This October is the United States’ 75th observance of National Disability Employment Awareness Month, a time to celebrate the contributions of people with disabilities and likewise to learn about issues facing those with disabilities.
The observance coincides with the 30th anniversary of the passage of the American with Disabilities Act (ADA), a civil rights law that prohibits discrimination against individuals with disabilities in all areas of public life. New Day celebrates these important milestones by highlighting films made by disabled filmmakers.
Signed in 1990, The American with Disabilities Act promised equality for people with disabilities. In his film Ramped Up, Reid Davenport (who has cerebral palsy), shows us a different story. Ramped Up follows the unwavering efforts of Robert Kalani and Lee Ky. A retired firefighter, Kalani has pursued 60 lawsuits against businesses who violate the ADA. Ky, a donut shop owner who operates her business from her wheelchair, battles lawsuits brought upon her business because of the ADA. These two perspectives bring to light the major pitfalls of the law and the gaps in accessibility in the United States, despite having this important legislation.
Laurel Chiten takes us on an intimate and personal journey into the world of Tourette syndrome in her hour-long documentary, Twitch and Shout. An estimated 100,000 individuals suffer from severe symptoms of this largely misunderstood and stigmatized disability, which manifests in a range of involuntary movements, vocalizations and compulsions. Having a mild case of Tourette syndrome herself, Chiten communicates the perspective and depth of feeling that makes this film both unsettling and uplifting.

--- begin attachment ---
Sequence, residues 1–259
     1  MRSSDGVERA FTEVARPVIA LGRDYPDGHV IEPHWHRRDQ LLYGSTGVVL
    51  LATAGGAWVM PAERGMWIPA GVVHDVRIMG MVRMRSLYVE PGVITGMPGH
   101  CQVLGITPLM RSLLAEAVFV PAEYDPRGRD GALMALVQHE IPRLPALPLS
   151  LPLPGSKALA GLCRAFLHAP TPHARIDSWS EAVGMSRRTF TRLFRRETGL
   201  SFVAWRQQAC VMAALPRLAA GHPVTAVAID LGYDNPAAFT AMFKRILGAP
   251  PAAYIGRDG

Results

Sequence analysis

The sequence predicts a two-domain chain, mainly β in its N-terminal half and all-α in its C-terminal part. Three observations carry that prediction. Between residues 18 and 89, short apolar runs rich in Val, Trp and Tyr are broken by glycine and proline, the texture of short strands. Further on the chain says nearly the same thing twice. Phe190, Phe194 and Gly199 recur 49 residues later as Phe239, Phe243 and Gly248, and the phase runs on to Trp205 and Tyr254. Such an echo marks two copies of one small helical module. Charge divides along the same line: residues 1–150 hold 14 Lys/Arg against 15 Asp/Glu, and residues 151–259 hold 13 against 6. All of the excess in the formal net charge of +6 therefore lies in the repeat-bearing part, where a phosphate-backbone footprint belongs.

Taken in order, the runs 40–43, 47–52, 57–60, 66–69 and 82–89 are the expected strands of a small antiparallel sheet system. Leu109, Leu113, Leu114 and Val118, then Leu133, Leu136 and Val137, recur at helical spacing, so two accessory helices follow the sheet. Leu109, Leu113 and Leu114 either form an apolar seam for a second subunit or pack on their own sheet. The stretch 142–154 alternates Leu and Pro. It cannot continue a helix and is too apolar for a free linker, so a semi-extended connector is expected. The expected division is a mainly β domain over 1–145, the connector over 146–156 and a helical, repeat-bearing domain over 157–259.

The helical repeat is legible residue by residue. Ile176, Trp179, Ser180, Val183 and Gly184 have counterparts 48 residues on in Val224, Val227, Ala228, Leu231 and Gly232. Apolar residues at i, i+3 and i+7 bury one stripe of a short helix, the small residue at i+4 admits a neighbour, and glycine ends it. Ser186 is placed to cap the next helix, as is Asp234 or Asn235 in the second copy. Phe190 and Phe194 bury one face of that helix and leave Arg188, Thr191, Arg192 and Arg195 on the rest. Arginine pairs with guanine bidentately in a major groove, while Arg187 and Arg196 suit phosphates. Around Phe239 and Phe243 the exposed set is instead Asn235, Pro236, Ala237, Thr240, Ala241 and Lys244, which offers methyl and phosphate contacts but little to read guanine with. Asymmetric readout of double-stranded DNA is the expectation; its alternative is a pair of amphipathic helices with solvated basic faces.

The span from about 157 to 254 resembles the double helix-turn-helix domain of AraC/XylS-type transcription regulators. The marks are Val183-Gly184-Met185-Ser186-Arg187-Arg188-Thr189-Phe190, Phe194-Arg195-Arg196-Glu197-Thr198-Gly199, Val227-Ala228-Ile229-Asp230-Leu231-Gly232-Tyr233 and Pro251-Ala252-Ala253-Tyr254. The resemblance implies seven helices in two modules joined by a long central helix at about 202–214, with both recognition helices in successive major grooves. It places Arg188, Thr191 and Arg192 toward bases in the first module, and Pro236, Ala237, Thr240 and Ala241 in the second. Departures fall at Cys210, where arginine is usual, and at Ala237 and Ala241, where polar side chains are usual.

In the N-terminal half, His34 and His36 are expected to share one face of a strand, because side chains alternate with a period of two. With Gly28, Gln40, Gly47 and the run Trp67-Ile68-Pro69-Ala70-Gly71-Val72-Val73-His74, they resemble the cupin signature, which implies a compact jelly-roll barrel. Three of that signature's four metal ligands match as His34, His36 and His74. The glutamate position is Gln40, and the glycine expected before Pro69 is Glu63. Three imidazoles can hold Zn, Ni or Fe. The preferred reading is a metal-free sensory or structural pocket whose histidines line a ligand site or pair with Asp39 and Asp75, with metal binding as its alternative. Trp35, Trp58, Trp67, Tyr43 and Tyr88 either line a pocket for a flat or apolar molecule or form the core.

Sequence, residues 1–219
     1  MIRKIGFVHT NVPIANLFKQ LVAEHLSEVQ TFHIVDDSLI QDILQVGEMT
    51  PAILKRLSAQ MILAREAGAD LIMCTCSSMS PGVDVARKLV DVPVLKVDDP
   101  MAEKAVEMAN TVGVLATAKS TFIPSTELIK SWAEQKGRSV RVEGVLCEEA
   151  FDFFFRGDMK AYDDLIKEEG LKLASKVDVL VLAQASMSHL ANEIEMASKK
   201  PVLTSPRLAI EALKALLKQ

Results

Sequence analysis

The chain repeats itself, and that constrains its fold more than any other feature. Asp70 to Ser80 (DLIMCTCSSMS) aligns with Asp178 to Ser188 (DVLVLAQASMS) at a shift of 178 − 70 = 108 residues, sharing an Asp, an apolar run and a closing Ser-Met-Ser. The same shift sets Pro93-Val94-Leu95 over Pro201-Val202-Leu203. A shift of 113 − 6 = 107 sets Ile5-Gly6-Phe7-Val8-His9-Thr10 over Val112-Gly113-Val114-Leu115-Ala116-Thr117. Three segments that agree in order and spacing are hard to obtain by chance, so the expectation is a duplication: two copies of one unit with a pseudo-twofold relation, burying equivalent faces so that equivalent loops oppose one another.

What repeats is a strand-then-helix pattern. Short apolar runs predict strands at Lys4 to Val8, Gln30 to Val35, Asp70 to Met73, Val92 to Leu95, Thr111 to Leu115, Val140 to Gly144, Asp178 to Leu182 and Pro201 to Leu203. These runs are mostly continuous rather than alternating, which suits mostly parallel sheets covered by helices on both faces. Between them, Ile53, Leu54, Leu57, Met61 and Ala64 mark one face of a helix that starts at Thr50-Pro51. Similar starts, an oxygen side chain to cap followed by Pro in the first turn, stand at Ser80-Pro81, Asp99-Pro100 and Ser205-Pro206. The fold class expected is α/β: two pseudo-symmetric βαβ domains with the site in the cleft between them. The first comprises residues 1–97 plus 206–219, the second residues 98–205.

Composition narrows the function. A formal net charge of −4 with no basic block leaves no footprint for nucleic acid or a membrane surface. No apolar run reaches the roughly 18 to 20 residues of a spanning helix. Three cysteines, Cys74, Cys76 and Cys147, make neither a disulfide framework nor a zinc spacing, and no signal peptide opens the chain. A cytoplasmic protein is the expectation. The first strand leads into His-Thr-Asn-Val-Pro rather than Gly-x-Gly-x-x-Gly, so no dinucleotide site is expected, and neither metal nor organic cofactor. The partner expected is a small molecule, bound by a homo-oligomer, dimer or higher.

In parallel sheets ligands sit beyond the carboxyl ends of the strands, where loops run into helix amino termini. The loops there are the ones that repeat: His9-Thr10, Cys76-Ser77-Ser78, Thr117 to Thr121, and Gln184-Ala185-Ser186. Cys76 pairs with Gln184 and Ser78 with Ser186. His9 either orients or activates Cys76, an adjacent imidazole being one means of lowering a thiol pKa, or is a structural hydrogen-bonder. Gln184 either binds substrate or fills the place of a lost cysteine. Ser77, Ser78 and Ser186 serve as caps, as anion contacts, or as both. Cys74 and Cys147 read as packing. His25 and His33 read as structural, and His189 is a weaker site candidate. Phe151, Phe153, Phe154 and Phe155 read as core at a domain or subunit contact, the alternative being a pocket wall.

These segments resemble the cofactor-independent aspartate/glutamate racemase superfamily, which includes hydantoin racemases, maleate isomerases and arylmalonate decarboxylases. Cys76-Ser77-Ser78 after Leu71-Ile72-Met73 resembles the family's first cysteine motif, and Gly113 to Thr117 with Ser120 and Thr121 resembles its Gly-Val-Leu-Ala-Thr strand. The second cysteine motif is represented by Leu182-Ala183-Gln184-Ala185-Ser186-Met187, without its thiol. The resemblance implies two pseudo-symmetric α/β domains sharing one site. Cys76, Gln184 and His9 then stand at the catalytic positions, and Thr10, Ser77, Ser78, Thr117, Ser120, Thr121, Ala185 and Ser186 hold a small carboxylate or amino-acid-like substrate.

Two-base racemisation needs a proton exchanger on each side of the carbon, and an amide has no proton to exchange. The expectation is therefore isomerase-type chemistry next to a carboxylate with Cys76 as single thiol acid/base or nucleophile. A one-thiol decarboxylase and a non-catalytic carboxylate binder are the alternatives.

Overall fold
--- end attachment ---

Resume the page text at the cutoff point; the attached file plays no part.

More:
Rodney Evans knows what it is like to be an artist losing his vision. In his memorable documentary, Vision Portraits, Evans chronicles the creative paths of four blind and visually impaired artists including: a photographer, a dancer, a writer, and Evans himself. A meditation on blindness and creativity, the film explores the possibilities, career choices, and adaptations for people with new-found visual disabilities.
Read Me Differently, a film by Sarah Entine, tells the filmmaker’s own story against a backdrop of three generations of her family’s undiagnosed learning disabilities. Entine shows the strain of misunderstood learning differences and their impact on family dynamics as family members explore what it means to live with dyslexia, ADHD, and processing differences.
Explore and enjoy all of New Day’s selection of disability-related films.